"Point of order, Mr. President," Sen. Peg Flory (R-Rutland) interjected. "I don't believe a senator is allowed to question the motives of another senator."
"I don't believe that I did question the motives," Baruth responded.
Lt. Gov. Phil Scott, the presiding officer, sided with Flory and instructed Baruth to "restrain" himself and stick to the substance of the amendment.
But Baruth didn't.
Noting that the bill itself purported to guard against the appearance of corruption, Baruth said that over the past several years there has been an appearance that his fellow senators have been blocking the campaign-finance bill from consideration. To his great relief, he said, that changed this year when the body took up the legislation and even voted for the corporate-contribution ban.
But, like Zuckerman, Baruth intimated that he also doubted his colleagues' sincerity.
"At the time — and again I will confine my remarks to appearances — there was the appearance that some senators had not been sincere in their vote because there was a great deal of snickering in the chamber. So—" Baruth said, before Senate President Pro Tem John Campbell (D-Windsor) interrupted him to request a recess.
Tempers flaring, a horde of senators then converged on the floor and directed their ire toward Baruth.
"You better stop and think of what you're saying," Sen. Dick Mazza (D-Grand Isle) said to Baruth.
"I'm going to finish this speech and I literally don't care what you say," Baruth responded. "I'm going to finish."
"That's nice," Mazza said. "That's a nice attitude."
With reporters looking on, Campbell sought to break up the scrum and sent the senators back to their desks, at which point Baruth resumed his monologue.
Calling the vote three weeks before to ban corporations "the proudest moment I had this year" and "close to the proudest moment I've ever had in the Senate," he urged his colleagues to stay the course.
"For everyone who cares about this issue — who cares about the issue of natural-born persons versus corporate money — this body voted twice, overwhelmingly, to limit corporate money," Baruth said. "We are about to take another vote — a third vote — on the same issue. It is my great hope that we go down the path that we took those last two times and don't give people the appearance that something is wrong by doing a U-turn and overturning those major votes that we made earlier this session."
In the end, the Senate took that U-turn.
When the roll was called, 12 senators who had previously voted in favor of the ban flip-flopped and voted against it. They were Sens. Campbell, Don Collins (D-Franklin), Cummings, Bill Doyle (R-Washington), Bob Hartwell (D-Bennington), Jane Kitchell (D-Caledonia), Mazza, Norm McAllister (R-Franklin), Kevin Mullin (R-Rutland), Rodgers, Bobby Starr (D-Essex/Orleans) and Rich Westman (R-Lamoille).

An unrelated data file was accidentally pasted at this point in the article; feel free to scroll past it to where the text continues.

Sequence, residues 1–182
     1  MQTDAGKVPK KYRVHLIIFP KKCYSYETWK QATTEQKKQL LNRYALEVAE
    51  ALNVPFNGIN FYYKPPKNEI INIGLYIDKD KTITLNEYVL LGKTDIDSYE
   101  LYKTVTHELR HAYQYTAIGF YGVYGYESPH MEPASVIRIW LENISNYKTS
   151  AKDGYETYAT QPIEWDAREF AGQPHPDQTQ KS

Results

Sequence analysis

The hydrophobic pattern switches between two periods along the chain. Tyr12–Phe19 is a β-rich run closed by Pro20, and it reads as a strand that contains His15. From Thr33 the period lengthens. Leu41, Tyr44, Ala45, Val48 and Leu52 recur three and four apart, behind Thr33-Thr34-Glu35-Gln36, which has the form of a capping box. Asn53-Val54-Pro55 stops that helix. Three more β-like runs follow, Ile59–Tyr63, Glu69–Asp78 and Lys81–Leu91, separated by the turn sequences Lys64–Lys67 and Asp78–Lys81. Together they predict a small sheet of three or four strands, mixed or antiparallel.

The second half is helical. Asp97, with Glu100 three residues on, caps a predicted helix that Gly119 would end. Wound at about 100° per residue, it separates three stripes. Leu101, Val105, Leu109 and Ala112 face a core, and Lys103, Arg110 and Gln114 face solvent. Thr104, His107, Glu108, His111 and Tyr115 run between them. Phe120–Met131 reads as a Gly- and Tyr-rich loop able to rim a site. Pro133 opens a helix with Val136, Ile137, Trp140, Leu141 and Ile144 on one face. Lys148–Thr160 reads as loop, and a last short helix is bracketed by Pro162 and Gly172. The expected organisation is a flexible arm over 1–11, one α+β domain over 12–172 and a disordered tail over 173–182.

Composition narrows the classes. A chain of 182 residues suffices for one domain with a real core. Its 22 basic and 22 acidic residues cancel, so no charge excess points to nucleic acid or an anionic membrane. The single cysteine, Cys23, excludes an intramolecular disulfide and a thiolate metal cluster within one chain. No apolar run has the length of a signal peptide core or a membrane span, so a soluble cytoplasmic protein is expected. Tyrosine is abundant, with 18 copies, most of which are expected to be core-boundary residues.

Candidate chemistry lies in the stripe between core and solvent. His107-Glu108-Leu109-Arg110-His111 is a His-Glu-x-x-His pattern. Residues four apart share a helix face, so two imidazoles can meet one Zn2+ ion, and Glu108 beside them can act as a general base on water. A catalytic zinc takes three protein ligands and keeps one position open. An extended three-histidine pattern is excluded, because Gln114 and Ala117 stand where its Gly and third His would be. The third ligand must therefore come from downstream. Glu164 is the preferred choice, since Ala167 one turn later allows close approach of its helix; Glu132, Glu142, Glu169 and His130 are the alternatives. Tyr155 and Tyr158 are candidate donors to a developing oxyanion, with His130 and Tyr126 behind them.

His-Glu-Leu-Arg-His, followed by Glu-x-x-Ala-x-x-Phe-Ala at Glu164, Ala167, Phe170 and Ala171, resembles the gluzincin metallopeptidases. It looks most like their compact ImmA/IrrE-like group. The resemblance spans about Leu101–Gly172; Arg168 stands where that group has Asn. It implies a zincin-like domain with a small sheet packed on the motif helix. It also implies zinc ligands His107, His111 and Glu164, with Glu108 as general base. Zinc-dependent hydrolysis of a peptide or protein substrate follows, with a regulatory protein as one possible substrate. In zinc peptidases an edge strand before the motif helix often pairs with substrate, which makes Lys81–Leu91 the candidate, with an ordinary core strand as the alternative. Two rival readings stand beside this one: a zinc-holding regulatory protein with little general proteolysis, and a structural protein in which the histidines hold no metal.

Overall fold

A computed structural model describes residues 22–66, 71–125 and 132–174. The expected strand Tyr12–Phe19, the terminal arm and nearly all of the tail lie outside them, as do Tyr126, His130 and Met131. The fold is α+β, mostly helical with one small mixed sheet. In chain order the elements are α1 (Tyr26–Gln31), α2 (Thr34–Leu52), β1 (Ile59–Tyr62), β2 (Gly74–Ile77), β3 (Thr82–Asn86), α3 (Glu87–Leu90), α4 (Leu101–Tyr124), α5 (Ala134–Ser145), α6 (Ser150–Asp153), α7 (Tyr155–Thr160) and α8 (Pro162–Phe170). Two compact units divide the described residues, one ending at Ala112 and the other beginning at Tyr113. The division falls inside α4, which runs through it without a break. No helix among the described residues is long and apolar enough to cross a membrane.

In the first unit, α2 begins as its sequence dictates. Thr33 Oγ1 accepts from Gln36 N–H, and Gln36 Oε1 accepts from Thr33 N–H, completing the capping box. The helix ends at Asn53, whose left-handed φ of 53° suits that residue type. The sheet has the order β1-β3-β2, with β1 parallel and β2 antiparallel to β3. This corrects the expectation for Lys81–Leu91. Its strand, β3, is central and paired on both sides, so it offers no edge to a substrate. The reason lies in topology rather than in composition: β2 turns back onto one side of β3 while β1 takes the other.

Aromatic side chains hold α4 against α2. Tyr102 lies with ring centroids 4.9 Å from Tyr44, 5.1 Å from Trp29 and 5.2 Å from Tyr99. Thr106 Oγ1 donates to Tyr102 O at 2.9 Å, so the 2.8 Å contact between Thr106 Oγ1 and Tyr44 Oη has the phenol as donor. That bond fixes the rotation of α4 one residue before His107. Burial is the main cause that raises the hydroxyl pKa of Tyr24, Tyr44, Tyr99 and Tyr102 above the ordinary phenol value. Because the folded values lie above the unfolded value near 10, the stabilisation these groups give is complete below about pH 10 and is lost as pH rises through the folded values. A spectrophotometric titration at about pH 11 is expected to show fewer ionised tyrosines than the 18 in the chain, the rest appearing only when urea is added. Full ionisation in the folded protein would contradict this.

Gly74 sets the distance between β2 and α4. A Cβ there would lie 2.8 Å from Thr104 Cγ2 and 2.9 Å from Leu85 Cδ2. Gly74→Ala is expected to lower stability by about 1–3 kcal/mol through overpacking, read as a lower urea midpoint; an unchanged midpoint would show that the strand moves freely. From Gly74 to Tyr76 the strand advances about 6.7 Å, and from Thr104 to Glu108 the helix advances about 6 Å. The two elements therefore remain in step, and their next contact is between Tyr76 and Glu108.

Joing them in voting to strip out the ban were seven senators who had opposed the ban in the first place. They were Sens. Claire Ayer (D-Addison), Chris Bray (D-Addison), Flory, Eldred French (D-Rutland),Nitka, Diane Snelling (R-Chittenden) and White.
Sen. Ginny Lyons (D-Chittenden), who had previously voted against the ban, voted to keep it in the bill.
Voting consistently to ban corporate and union donations were Tim Ashe (D/P-Chittenden), Baruth, Joe Benning (R-Caledonia), Sally Fox (D-Chittenden), Galbraith, Mark MacDonald (D-Orange), Dick McCormack (D-Windsor), Anthony Pollina (P/D-Washington), Dick Sears (D-Bennington) and Zuckerman.
After several more amendments were considered, the Senate approved the underlying campaign-finance bill with a near-unanimous vote. Only Galbraith opposed it.
The larger bill includes new contribution limits, candidate-reporting requirements and contributor- disclosure requirements. That bill now moves to the House, where Speaker Shap Smith (D-Morrisville) has been cool to the idea of limiting corporate and union contributions.
In his closing remarks during Friday's debate, Galbraith once again noted that the Senate's opposition to banning corporate contributions stands in stark contrast to its 26-3 vote last April calling for a constitutional amendment reversing the U.S. Supreme Court's Citizens United decision.
"This Senate has proposed a constitutional amendment to undo Citizens United with the goal of getting corporate money out of politics," Galbraith said. "But our real message is: Let's get corporate money out of politics, but please don't take away my corporate contribution. There is one word for this: hypocrisy."